Mario Balotelli: Liverpool stand by Italy striker despite FA charge

Balotelli, who is yet to score in the league for the club, is set to fight charge

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The Independent Online

Liverpool will not sell Mario Balotelli next month, despite the player compounding a poor start to his Anfield career by sending the social media message, containing an anti-Semitic stereotype, which saw him handed a Football Association misconduct charge tonight.

The club protected itself against the striker’s habit of courting controversy by having several stringent clauses written into his contract in August, protecting them against errant behaviour on his part. But Liverpool have no intention of cutting their losses on their £16m investment – even though manager Brendan Rodgers, whose side face Sunderland at Anfield today, has also said that it is unclear when he will return from a groin injury which has kept the forward out for the past four games. Balotelli is yet to score for Liverpool in the Premier League.

The 24-year-old is likely to plead not guilty to the FA charge – with the support of his club – which relates to a message described as “offensive” by the Jewish Leadership Council. The controversy will be deeply frustrating to a club who have worked hard to promote diversity after the Luis Suarez/Patrice Evra controversy in 2011 – appointing a social inclusion officer and even issuing staff with a list of unacceptable language to be used last year.

Liverpool said that Balotelli will go through the necessary process to answer the charge that he breached Rule E3 of the FA regulations, by retransmitting an Instagram image depicting the computer game character Super Mario alongside a racial stereotype and anti-Semitic remark:“Jumps like a black man and grabs coins like a Jew.” A Liverpool spokesman said: “We acknowledge the FA’s decision and the player will work through the process to answer the charge.”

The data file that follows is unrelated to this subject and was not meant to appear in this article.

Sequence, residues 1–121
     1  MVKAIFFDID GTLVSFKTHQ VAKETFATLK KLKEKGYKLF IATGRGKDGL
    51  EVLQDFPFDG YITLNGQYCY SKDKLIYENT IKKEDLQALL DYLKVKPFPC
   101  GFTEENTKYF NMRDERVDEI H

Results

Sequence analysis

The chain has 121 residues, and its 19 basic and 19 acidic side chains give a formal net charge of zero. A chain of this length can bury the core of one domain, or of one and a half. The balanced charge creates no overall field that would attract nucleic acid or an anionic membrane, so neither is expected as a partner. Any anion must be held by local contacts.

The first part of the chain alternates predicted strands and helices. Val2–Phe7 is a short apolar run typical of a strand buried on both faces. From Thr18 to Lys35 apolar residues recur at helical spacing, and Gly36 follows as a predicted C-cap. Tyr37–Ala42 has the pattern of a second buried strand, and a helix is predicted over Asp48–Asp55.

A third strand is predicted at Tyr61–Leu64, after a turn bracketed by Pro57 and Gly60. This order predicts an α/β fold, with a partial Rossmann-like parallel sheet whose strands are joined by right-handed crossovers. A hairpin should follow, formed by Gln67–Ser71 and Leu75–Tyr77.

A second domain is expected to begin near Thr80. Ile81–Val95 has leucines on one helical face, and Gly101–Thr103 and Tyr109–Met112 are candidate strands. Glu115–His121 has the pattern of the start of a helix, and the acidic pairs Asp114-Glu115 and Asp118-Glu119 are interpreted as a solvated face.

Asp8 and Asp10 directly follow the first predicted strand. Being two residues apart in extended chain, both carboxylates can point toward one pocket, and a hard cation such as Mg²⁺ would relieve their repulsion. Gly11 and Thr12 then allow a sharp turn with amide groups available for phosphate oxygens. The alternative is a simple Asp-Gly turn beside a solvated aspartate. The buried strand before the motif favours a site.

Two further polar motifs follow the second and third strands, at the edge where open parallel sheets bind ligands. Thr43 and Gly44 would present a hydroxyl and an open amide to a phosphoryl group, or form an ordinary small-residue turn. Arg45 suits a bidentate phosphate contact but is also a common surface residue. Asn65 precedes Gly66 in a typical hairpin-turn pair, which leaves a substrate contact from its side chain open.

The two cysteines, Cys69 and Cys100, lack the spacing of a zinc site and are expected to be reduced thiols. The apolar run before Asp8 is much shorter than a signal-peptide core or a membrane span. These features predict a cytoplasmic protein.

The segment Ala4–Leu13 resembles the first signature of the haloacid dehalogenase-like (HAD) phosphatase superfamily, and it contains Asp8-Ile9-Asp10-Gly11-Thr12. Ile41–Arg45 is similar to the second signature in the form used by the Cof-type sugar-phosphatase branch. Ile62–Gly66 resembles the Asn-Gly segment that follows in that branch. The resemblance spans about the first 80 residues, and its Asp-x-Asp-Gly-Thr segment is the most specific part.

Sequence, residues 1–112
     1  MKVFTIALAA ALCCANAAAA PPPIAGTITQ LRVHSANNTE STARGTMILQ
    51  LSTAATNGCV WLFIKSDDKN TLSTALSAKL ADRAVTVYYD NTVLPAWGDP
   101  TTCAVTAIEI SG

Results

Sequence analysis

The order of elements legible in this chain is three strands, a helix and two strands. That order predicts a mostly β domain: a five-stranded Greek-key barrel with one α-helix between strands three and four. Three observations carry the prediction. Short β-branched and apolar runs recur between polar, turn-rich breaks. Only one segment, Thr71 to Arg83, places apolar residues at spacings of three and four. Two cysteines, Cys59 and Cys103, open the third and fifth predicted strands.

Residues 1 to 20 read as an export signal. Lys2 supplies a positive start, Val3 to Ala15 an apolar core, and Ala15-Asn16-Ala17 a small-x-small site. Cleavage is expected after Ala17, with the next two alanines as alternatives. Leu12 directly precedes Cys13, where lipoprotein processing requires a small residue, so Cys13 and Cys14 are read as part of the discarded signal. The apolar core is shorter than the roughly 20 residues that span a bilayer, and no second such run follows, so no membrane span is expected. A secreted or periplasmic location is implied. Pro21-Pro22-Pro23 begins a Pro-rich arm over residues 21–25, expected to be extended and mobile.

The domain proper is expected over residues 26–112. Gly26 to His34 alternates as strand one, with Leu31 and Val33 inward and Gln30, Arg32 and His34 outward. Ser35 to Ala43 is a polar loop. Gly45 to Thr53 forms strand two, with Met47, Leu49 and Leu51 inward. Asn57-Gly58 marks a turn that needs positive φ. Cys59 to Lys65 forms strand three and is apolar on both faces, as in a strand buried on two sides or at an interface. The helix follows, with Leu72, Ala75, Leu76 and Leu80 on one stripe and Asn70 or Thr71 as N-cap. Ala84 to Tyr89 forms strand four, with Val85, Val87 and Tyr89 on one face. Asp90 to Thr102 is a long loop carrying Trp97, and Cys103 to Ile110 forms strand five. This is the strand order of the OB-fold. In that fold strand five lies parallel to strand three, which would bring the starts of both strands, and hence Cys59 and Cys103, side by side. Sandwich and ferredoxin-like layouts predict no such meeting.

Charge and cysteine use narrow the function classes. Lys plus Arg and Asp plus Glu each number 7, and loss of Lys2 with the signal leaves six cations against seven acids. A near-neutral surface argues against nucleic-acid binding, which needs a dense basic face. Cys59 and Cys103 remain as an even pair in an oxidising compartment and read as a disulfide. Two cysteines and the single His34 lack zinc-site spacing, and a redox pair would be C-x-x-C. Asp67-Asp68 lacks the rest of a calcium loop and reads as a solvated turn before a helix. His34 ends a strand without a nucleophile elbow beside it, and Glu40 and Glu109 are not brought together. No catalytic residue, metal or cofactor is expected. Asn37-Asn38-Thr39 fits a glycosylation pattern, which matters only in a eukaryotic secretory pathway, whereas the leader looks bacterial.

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That suggests that Balotelli will not follow Rio Ferdinand’s course of action, in October, when he declined to attend an FA hearing when he faced a similar charge, relating to his derogatory “sket” comment on Twitter, which he claimed was meant in fun. Ferdinand’s decision effectively not to acknowledge the disciplinary process went down particularly badly with the three-man commission that heard his case. That commission also took his previous conduct into account, including the episode in which he referred to Ashley Cole as “choc ice” on Twitter – resulting in what was a surprisingly high tariff of a three-match ban and £25,000 fine. With no such precedent for Balotelli, a more likely outcome in his case would be a fine.

Uefa has added to Liverpool’s headaches by stating on Friday that they want to undertake further investigations into the Anfield outfit, among seven clubs, for possible breaches of Financial Fair Play rules. Roma, Internazionale, Monaco and Sporting Lisbon are also being submitted to additional scrutiny.

Sports lawyer and FFP specialist Daniel Geey, of Field Fisher Waterhouse, said the governing body’s investigatory chamber might now examine revenue and outgoings for the financial year 2013-14, in an attempt to establish whether losses have exceeded the accumulative €45m allowable in the three years leading up to FFP. Liverpool have always insisted they have complied with owners Fenway Sports Group, who are staunch supporters of FFP.

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